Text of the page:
Project Haiti is just one of many being developed at the lab, which moved to a newly renovated and expanded location on campus last fall. Wong and other students also designed an AquaPack, a solar portable water purification system that could be carried like a backpack. Wong and grad students Johnathon Camp and Shavin Pinto continue to modify the system and are working with the University of Central Florida’s Business Incubator Program in hopes of starting a business next year. A percentage of their profits would go toward humanitarian projects, Wong said.
The AquaPack idea works on a smaller scale like the systems students designed in Haiti and can be used for disaster relief and in global communities or even by the military. The team won $90,000 from the U.S. Environmental Protection Agency last year to continue with the project, including reducing the weight and size.
“Everyone should have access to clean water. It’s a basic human right,” said Wong, of Iselin, N.J., who spent this past week working on a larger prototype of the filtration system at the university.
Students have also designed their own filter using “very fine metal mesh,” Compere said as he demonstrated the filter in the lab.
Wong, who is project manager for the AquaPack, will travel to St. Louis for the Clinton Global Initiative University, which brings together experts and student leaders who are improving living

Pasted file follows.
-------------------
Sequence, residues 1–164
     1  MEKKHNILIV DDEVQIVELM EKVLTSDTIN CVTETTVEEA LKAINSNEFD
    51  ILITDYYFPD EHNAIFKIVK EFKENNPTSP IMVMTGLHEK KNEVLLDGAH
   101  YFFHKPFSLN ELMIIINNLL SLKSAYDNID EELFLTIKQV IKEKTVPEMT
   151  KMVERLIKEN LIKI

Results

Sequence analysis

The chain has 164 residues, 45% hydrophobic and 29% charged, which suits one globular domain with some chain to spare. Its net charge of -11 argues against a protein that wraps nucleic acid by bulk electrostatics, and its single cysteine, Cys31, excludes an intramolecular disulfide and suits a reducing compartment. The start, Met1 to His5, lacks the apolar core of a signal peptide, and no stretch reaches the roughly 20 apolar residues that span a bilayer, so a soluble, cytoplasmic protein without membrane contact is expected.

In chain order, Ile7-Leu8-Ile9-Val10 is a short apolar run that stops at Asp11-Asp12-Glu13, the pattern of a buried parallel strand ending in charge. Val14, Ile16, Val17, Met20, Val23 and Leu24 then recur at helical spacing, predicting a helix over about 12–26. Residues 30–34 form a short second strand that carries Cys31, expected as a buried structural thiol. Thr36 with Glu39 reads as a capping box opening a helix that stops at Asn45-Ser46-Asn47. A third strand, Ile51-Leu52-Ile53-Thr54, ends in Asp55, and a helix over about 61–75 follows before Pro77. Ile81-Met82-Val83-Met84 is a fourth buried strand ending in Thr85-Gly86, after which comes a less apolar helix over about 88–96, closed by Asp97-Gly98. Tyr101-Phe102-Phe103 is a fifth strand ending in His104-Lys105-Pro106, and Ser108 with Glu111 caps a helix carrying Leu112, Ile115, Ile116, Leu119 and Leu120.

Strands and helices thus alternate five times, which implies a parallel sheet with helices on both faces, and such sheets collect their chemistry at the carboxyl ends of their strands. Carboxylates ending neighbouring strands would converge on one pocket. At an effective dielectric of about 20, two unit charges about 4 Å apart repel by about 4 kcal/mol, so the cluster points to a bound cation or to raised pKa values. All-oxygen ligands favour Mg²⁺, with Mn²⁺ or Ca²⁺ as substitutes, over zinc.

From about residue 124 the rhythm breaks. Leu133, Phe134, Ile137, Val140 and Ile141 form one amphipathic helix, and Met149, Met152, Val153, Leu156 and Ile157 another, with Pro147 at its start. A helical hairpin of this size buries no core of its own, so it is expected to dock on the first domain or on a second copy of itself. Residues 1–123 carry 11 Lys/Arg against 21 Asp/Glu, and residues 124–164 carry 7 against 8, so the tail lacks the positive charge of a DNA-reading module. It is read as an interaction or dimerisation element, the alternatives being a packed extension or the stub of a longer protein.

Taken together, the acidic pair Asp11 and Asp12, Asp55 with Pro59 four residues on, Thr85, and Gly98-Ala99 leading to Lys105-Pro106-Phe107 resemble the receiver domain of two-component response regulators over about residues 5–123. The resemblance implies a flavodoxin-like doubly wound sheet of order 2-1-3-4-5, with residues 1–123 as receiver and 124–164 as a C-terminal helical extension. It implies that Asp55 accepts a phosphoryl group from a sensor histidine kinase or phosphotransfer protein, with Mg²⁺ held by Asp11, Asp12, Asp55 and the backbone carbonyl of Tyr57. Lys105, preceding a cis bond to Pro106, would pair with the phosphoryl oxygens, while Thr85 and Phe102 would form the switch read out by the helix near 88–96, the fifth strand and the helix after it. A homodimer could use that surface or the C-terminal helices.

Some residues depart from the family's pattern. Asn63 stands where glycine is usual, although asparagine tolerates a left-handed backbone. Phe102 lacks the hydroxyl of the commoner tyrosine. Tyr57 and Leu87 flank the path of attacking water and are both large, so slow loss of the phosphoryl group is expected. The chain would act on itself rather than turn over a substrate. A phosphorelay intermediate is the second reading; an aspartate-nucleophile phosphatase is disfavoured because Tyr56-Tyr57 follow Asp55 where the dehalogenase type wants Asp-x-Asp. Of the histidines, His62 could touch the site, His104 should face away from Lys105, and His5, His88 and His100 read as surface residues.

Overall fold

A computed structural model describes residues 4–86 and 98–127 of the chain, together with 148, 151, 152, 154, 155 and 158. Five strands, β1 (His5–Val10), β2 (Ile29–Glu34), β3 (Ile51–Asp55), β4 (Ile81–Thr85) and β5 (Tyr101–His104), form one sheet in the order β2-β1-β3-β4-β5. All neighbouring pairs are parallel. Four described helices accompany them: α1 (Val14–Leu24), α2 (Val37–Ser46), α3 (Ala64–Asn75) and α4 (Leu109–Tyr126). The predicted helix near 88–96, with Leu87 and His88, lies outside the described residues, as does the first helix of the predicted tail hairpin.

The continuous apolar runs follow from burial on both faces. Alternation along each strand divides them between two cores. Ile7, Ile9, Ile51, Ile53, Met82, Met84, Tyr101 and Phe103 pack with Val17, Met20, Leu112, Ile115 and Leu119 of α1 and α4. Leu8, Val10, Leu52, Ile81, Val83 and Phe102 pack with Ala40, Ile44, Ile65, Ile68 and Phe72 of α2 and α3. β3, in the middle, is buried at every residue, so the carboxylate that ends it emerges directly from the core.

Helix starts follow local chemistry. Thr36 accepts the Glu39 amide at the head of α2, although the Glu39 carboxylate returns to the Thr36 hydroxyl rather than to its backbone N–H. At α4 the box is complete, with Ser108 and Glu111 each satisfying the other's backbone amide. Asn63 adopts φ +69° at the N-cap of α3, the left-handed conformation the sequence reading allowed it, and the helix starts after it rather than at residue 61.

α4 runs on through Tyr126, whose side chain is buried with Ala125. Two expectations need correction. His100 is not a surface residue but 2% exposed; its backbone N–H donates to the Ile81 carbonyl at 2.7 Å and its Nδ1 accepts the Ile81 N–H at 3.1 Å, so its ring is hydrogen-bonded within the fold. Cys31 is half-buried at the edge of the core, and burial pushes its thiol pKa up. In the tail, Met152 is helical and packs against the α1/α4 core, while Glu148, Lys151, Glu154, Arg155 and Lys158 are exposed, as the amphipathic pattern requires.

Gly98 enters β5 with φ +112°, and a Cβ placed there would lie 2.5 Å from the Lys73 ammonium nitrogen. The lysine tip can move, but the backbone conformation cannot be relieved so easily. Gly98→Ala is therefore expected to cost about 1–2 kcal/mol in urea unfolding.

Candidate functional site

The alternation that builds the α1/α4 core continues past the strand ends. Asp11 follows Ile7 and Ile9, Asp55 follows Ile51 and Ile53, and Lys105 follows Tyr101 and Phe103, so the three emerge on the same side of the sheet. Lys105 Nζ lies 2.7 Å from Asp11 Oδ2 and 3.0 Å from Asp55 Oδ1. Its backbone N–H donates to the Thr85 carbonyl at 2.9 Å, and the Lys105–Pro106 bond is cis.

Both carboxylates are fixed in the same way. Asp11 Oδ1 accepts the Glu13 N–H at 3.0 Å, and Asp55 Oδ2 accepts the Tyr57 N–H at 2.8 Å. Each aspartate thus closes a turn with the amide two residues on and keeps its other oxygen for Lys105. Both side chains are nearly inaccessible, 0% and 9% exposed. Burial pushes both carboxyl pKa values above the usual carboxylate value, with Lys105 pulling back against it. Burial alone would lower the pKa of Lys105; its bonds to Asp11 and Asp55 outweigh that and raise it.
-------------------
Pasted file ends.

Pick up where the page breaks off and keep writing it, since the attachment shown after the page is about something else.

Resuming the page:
conditions around the world. He will discuss systems they’ve installed in Haiti and the portable backpack project.
Another project Embry-Riddle mechanical engineering students have designed is a solar thermal energy storage unit that gathers heat from the sun and could be used for large air conditioning units. The team will compete later this month in Washington, D.C., in hopes of winning another $90,000 from the EPA to further that project.
Inside the new lab, students are also working on projects ranging from wind turbines to a biodiesel project using vegetable oil left over from the university kitchen fryers to power lawn mowers.
Some of the students have a close understanding of the value of their work. Graduate student Shavin Pinto wishes the AquaPack he helped design was available in 2004 when a tsunami struck his home country of Sri Lanka.
“You don’t realize how important water is until you don’t have it,” said Pinto, who went to Haiti last year and will go again this year. “We’re so used to waking up and opening the tap and having clean water.”
Bjorg Olafs, 24, a grad student from Iceland who’s also working on the solar thermal storage project, was touched by the children in Haiti last year and hopes to return.
“It’s really eye-opening. What you thought about developing countries is different when you actually see it,” she said. “It was awesome to help them out. They ran out into the water as soon as we turned it on. It was a little upsetting to see how they live (in tents after the earthquake), but they are still so positive and have a grateful attitude toward life. They were really friendly and giving.”<< previous 1 2
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